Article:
law enforcement

facebook.com/sperrypolice

The police chief of a small northeast Oklahoma community says he issued himself a citation for speeding, but only after being caught on video.

Sperry Police Chief Justin Burch posted an apology on the department's Facebook page Saturday, saying he was "wrong in traveling at 75 and 80 mph." Sperry is about 10 miles north of Tulsa.

Burch admits he's not sure he would have issued the ticket if not for the video, and that he had a "reason for being in a hurry." Nonetheless, he admits he must "be held accountable."

North Miami police Officer Jonathan Aledda is facing charges of attempted manslaughter and negligence for shooting a behavioral therapist who had been trying to help a patient with autism return to a group home last summer, prosecutors say.

The daytime shooting took place last July, when therapist Charles Kinsey was working to bring a 27-year-old man in his care back to the group home for mentally disabled adults. Video from the scene showed Kinsey lying on the ground next to his patient, his hands in the air, shortly before he was shot.

A large church in Alabama is one step closer to creating its own police force, a move that seems to be without precedent in the U.S. The state's Senate has approved legislation that would give church police officers the same powers other law enforcement officers have in Alabama.

After being approved by Alabama's Senate on a 24-4 vote, the bill now heads to the state House of Representatives, where an identical bill was sent to the Public Safety and Homeland Security committee in February.

While trying to catch a bus to school, Emilio Mayfield, 16, jaywalked. When he didn't comply with a police officer's command to get out of the bus lane, a scuffle ensued. Mayfield was struck in the face with a baton and arrested by nine Stockton, Cal. police officers. The arrest was captured on video by a bystander and the video went viral.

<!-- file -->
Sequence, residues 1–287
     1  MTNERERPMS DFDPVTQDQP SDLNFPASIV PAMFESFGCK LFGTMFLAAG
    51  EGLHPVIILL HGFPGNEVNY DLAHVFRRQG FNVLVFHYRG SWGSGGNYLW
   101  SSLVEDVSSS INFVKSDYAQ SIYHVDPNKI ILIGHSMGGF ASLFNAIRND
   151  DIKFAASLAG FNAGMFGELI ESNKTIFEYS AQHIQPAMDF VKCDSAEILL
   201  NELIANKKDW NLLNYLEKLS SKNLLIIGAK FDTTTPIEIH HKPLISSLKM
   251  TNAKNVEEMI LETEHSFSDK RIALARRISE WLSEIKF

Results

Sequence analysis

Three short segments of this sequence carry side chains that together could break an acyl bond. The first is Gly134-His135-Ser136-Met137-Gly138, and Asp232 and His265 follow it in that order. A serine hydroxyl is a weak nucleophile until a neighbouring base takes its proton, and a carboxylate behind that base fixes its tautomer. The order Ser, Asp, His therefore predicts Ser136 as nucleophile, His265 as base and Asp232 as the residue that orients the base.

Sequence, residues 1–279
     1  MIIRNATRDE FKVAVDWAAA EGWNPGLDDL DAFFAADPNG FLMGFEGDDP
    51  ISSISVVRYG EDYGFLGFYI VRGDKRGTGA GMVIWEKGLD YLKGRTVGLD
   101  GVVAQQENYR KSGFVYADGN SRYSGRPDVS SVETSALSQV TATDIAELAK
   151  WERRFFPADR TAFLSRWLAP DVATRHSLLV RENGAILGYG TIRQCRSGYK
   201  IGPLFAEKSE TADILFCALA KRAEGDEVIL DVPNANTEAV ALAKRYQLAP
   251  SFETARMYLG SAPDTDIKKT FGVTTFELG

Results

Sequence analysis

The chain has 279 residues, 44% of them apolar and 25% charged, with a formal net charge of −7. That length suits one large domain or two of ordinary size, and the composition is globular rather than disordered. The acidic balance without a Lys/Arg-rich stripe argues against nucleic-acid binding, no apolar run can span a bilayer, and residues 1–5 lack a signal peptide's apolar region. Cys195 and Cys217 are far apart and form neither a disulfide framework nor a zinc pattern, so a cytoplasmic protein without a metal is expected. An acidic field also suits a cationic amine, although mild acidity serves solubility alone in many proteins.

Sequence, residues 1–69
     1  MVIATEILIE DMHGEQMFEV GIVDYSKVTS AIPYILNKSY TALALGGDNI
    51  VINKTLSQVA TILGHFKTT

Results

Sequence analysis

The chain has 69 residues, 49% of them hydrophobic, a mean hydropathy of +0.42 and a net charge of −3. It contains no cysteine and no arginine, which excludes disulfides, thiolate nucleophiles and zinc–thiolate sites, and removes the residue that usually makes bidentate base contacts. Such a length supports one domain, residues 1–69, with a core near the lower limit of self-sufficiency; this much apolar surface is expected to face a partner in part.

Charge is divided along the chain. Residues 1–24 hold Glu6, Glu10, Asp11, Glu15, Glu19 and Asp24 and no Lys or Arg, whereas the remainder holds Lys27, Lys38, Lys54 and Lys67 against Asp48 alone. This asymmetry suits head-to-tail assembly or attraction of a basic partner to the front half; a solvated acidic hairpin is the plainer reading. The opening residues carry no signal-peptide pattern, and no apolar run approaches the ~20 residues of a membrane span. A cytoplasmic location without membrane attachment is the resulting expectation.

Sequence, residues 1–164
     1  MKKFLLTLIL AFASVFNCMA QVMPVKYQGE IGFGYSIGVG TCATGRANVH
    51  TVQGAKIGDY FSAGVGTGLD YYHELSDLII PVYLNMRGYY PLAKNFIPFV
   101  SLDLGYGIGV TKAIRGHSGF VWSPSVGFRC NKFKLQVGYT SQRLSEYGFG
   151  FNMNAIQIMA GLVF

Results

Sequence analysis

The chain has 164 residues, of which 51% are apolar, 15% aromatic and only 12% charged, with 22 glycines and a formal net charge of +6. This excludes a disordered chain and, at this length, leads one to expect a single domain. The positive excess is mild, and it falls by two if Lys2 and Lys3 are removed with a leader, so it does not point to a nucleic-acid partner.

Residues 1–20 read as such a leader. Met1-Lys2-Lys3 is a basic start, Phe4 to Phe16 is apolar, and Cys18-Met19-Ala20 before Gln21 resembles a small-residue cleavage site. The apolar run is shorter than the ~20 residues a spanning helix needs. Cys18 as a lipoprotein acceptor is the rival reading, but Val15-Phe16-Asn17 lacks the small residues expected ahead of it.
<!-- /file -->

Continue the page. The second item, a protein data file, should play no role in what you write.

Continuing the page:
The unrest in Ferguson, Mo., following the death of Michael Brown in summer 2015 drew renewed scrutiny to police violence and revealed just how little the public knew about its pervasiveness. At first, there were widespread calls to address what officers looked like since Brown was African-American and the officer who shot him is white.

In the early morning hours of Nov. 10, not long after Donald Trump was elected to the presidency, Phillip Atiba Goff, the head of the Center for Policing Equity in New York, fired off an email meant to encourage his colleagues, who worried that their work was about to be sidelined.

The City of Baltimore and the Justice Department announced Thursday that they have agreed on a court-enforceable consent decree to institute sweeping reforms in Baltimore's police department.

Sgt. Marty Tucker thinks millennials have trouble talking to strangers. Tucker runs training for the Sheriff's Office in Spokane, Wash., and he says new recruits seem inhibited when making face-to-face contacts with members of the public.

"They're so stressed out about making contact that they don't think about anything else," he says. "So they get up there, and then they'll freeze up."

Deadly encounters between police and civilians often made 2016 a year full of palpable tension. Across the country, demonstrators took to the streets to protest police shootings, while at the same time officers in a number of states were targeted and killed by gunmen.

Both situations have prompted law enforcement to examine use-of-force policies.

There are plenty of recent stories involving white police officers who have shot and killed black men, including some who are on trial for those shootings. Then there's the case of a white cop who did not shoot a black man holding a gun — and it may have cost him his job.

It started with a 911 call for help in Weirton, W.Va., on May 6 at 2:51 a.m. An emergency dispatcher in turn put out a call for an officer.

"Had a female stating they needed someone right now. She sounded hysterical," the dispatcher said. "Hung up the phone, will not answer on call back."

Pages